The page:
As far as obtaining a True/False answer: In[11]:= Element[Sqrt[2], Rationals] Out[11]= False


15

Let us try to produce the solution without applying brute force, similar to mgamer's answer (that did not actually use Mathematica). Reduce[Mod[10^r - 1, 37] == 0, r, Integers] (* -> C[1] \[Element] Integers && C[1] >= 0 && r == 3 C[1] *) We see that the value of r can in fact be any nonnegative multiple of 3. The result sought is ...


13

Update: the lhs of $i^2+(i+1)^2=j^2+(j+1)^2+(j+2)^2$ is always odd so $j$ should be even. The fastest solution I found: max = 10^12; {(Sqrt[3 + 6 (# + 1)^2] - 1)/2, #, #^2 + (# + 1)^2 + (# + 2)^2} & @@@ (2 Position[#, 0]) &@UnitStep[Abs[# - Round[#]] - 1.*^-10] &[ Sqrt[0.75 + 1.5 #^2] - 0.5] &@ Range[3., Sqrt[max/3.], 2] // ...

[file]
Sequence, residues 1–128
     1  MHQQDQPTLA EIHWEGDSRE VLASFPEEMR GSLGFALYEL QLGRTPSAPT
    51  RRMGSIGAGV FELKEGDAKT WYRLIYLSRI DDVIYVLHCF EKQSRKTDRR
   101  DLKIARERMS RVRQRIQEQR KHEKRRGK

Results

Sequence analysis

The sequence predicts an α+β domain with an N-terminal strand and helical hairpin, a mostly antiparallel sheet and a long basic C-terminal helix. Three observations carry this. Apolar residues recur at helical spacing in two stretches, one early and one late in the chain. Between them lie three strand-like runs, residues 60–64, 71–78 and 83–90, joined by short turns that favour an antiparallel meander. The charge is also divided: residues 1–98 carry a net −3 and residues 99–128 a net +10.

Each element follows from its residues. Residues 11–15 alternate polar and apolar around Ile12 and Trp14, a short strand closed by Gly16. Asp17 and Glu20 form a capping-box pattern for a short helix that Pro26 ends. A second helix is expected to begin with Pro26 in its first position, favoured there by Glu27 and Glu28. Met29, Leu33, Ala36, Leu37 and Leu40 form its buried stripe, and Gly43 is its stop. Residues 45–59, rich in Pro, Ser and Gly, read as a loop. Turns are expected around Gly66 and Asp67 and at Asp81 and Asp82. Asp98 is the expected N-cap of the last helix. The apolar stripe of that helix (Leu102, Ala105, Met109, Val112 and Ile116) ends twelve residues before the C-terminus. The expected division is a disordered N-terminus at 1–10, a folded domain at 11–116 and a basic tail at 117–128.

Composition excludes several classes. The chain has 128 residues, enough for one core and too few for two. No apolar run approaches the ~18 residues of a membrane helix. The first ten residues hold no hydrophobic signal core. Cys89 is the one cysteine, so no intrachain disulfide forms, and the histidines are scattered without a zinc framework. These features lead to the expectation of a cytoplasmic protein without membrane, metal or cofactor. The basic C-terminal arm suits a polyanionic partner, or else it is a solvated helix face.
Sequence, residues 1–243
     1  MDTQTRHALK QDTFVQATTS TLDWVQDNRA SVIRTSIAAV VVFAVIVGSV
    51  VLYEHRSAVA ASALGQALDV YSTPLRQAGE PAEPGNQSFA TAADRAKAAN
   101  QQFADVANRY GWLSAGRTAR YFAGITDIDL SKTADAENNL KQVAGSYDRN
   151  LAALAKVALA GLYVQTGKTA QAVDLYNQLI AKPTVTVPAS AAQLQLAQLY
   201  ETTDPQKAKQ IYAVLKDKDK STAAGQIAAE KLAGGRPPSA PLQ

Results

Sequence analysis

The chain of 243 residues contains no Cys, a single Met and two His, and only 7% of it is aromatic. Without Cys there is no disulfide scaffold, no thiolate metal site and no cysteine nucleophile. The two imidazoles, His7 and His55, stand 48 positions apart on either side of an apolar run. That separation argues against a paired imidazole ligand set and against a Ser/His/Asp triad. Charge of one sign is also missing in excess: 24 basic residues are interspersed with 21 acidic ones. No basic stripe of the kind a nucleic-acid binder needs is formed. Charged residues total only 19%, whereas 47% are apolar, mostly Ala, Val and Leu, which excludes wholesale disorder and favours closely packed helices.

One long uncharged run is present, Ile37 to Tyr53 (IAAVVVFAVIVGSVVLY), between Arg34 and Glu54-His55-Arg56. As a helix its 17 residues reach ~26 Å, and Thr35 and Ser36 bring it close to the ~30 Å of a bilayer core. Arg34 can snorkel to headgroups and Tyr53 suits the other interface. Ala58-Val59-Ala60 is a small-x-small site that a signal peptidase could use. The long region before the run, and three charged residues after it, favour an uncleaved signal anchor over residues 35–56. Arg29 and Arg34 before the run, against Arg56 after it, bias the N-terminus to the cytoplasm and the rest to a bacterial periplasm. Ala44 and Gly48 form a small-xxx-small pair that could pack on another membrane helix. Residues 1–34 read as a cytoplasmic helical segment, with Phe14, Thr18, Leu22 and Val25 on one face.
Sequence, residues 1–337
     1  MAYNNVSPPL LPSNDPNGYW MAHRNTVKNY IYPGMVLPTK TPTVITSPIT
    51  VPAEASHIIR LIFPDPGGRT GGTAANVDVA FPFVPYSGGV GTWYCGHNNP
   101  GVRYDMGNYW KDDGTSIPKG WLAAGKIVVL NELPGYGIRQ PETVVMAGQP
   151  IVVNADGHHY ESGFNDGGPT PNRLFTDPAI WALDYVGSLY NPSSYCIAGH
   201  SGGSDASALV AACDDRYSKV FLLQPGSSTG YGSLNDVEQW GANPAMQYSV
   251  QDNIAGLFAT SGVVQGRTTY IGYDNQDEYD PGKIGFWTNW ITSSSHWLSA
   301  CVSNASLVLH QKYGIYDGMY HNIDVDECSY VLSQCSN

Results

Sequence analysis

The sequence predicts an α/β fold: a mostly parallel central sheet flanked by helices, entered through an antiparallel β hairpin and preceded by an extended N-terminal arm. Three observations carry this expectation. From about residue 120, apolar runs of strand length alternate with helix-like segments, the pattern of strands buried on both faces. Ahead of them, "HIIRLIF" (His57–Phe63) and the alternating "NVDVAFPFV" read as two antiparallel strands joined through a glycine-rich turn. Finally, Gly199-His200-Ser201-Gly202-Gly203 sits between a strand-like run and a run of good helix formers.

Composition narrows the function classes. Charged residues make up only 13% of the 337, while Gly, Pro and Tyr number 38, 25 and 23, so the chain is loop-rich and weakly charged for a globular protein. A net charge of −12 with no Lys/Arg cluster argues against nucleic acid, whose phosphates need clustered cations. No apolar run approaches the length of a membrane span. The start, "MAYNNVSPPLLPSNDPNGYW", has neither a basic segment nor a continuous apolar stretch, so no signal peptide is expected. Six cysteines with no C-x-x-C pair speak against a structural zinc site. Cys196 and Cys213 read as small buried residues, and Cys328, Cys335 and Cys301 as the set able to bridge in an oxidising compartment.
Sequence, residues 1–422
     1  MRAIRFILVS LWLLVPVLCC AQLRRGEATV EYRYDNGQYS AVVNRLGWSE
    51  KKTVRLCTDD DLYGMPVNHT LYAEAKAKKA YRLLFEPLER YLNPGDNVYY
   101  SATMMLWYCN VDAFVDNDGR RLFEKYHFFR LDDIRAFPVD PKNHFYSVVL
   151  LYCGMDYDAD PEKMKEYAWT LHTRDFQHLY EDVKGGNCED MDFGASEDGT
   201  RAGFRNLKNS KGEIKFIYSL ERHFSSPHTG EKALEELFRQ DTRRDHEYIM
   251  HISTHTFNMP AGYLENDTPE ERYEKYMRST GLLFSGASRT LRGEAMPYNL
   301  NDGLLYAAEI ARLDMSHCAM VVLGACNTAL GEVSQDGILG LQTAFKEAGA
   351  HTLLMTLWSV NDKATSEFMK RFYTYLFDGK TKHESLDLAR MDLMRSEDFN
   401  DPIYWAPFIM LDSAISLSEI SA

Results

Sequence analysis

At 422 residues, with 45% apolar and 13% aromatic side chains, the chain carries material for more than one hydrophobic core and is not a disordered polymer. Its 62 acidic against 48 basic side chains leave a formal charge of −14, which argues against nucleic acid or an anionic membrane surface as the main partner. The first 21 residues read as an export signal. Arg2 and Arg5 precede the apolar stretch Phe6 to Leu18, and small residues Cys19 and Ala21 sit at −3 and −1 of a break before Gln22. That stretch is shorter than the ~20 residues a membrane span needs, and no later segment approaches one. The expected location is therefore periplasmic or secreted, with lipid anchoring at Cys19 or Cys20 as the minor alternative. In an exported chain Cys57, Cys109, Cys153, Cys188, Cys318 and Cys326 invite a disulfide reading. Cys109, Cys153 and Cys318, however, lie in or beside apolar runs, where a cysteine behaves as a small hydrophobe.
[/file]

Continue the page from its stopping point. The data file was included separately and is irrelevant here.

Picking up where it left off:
12

Clear[fa, ga]; fa = Total[{#, # + 1}^2] &; ga = Total[{#, # + 1, # + 2}^2] &; Update: A closed form function soln = Assuming[{C[1] ∈ Integers && C[1] >= 0 && x > 0 && y > 0}, Simplify@ Reduce[Total[{x, x + 1}^2] == Total[{y, y + 1, y + 2}^2], {x, y}, Integers]] /. C[1] -> n; ...


10

You are asking for a solution to the equation $10^r\equiv 1$, mod $n$, where in your particular case $n=37$. The multiplicative order is the smallest exponent $r$ such that $x^r\equiv 1$, mod $n$. The multiplicative order is given by the Mathematica command MultiplicativeOrder[x,n], and corresponds to the "Foo" you asked for in your comment to @mgamer. ...


10

A graph representation: opts = {VertexLabels -> "Name", ImagePadding -> 10}; g[n_] := Graph[Flatten[Thread[DirectedEdge[#, Most@Divisors@#]] & /@ Divisors@n], opts] aa = g[30] Then (v10 only, thanks to @billc for running it for me): fp = FindPath[aa, 30, 1, Infinity, All] (* {{30, 1}, {30, 15, 1}, {30, 10, 1}, {30, 6, 1}, {30, 5, 1}, ...


9